According to the Center for Disease Control and Prevention
(CDC), Hepatitis C is currently the most deadly infectious disease in the US. The findings are based on new government data about Hepatitis C related deaths in 2014. What is even more concerning is that in 2014 Hepatitis C accounted for more deaths than 60 other infectious diseases
, including tuberculosis, HIV/AIDS and pneumococcal disease.
The irony of the problem is that in 2013 we have discovered a wonder drug to cure Hepatitis C patients, with about 95% cure rate. However, in 2014 we were faced with an all-time high death cases due to Hepatitis C virus. How can this be?
"Not everyone is getting tested and diagnosed, people don't get referred to care as fully as they should, and then they are not being placed on treatment,"
said Dr. John Ward, director of CDC's division of viral hepatitis.
Report on 2014 Hepatitis C related deaths by CDC
One of the reasons may lie in better reporting. CDC gathers information about Hepatitis C related deaths via computerised reporting system; in 2014, 40 states reported their Hepatitis B cases and 37 states disclosed statistical number about their Hepatitis C patients.
According to CDC report, the reported cases of acute Hepatitis C virus infection increased dramatically. While during the years 2006-2010 there were less than 1000 reported cases of infection per year, the number quickly rose to above 2000 cases per year in 2013 and 2014. That is more than 100% increase in less than 5 years. No doubt better reporting is in part responsible for the statistical increase; albeit that does not diminish the ever rising increase in HCV incidence.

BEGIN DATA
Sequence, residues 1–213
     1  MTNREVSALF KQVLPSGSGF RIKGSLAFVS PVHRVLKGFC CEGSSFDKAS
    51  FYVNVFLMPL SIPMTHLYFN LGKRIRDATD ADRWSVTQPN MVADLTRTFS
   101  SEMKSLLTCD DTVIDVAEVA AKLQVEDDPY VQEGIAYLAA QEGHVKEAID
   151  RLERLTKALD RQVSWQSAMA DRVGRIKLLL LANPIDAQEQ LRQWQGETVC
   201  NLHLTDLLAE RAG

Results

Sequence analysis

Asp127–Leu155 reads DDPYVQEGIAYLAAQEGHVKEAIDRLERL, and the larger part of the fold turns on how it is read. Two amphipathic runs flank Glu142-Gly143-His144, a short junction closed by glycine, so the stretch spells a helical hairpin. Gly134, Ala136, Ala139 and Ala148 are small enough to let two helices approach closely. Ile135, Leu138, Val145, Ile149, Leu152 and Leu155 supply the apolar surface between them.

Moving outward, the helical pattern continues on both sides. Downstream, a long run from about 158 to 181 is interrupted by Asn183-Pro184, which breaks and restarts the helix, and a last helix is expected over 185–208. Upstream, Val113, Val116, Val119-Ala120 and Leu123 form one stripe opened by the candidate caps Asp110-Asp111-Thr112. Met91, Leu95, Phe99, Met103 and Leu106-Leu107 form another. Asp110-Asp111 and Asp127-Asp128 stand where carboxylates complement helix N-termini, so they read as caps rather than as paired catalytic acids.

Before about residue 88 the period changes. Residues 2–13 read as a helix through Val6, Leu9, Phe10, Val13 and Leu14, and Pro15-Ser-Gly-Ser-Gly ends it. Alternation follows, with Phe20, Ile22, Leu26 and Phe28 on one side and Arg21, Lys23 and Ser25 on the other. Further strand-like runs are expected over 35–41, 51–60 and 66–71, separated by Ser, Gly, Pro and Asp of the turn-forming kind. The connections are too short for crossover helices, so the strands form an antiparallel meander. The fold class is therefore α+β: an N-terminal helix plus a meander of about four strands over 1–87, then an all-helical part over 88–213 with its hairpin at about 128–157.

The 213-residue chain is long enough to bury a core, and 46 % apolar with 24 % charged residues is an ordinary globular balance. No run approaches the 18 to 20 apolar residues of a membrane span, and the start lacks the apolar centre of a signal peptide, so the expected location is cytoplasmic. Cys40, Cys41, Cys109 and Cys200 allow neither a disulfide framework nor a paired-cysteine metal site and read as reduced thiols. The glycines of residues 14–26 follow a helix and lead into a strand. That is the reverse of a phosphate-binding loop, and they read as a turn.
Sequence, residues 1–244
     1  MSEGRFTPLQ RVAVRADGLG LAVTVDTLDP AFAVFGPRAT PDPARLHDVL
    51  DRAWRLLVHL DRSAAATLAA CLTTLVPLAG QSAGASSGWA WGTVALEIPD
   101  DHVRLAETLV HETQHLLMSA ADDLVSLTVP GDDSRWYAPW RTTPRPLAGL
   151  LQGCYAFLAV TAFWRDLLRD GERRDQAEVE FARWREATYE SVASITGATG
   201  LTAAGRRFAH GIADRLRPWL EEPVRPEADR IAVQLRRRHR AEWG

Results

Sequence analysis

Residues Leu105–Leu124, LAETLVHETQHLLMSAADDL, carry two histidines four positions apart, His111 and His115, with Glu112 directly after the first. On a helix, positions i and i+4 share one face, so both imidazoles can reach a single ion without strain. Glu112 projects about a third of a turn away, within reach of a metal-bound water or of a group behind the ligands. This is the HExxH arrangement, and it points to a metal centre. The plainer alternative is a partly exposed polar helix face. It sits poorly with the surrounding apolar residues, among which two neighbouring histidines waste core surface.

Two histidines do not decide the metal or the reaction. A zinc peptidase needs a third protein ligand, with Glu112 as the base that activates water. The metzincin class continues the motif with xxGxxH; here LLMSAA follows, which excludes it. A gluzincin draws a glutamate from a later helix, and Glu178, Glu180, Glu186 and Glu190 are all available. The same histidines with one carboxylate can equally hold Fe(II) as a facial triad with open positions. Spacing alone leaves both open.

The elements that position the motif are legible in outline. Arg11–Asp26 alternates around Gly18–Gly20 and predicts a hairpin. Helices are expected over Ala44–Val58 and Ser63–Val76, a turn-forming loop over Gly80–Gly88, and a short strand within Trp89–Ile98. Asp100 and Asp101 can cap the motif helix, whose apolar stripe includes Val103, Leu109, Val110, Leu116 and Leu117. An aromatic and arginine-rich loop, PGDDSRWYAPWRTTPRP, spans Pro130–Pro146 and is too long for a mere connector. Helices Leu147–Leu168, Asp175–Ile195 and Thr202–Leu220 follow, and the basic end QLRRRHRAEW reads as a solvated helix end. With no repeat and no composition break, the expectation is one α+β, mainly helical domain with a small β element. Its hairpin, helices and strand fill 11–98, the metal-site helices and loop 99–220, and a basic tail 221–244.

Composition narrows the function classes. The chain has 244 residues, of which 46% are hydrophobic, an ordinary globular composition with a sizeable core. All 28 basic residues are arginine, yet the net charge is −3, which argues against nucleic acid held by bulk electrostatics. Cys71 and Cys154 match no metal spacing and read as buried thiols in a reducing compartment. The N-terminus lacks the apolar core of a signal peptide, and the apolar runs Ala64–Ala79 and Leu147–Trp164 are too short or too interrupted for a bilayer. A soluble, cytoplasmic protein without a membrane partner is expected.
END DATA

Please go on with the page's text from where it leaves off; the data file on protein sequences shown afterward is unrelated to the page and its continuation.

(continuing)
New US Hepatitis C Numbers
Up till the CDC report that came out on 4th of May 2016, the rough consensus on the number of HCV infected patients in the US was about 3.2 million. Now the number is more likely closer to 3.5 million, a nearly 10% increase in all Hepatitis C patients
. What is more, the epidemiologic studies show that at least 4.6 million people in the US are HCV-positive. All of these people do not suffer from Hepatitis C; however, a very large majority has high probability of suffering the consequences of Hepatitis C.
Who are the new Hepatitis C patients?
Using the statistical data from all the reporting states, CDC pointed out the demographics of people who's incidence of getting Hepatitis C is increasing the most. Here is a profile of a person now most likely to be infected by HCV:
- Young white persons
- Non-urban area residents (especially in Midwestern and Eastern states)
- History of injectable drugs use
- Use of opioid agonists such as oxycodone
CDC does admit that the higher numbers in areas such as Florida, Massachusetts and New York can be a result of increased surveillance as a result of their funding. However, the increase in other states was affected by better reporting in a lesser way.
Overall, factoring in the under-reporting and under-ascertainment, CDC estimates more than 30,000 people got infected with HCV in 2014 alone.
Hepatitis C related deaths
An average age of Hepatitis C patient that succumbs to the disease is 59 years. What is concerning is that there has been a drastic increase in Hepatitis C related deaths in adults aged 55-64 years old.
2007 marks the year when Hepatitis C related deaths (15,106) exceeded the number of HIV/AIDS related deaths (12,734). From that point on, we see Hepatitis C deaths gaining momentum while HIV/AIDS patients are doing better than before.
In 2014, almost 20,000 US citizens died from Hepatitis C
; more than half of those were in the 55-64 years range. Baby boomers -- those born from 1945 to 1965 -- carry the greatest burden associated with the disease, as many have been unknowingly living with it for years.
You can access the full commentary on CDC report on Hepatitis C here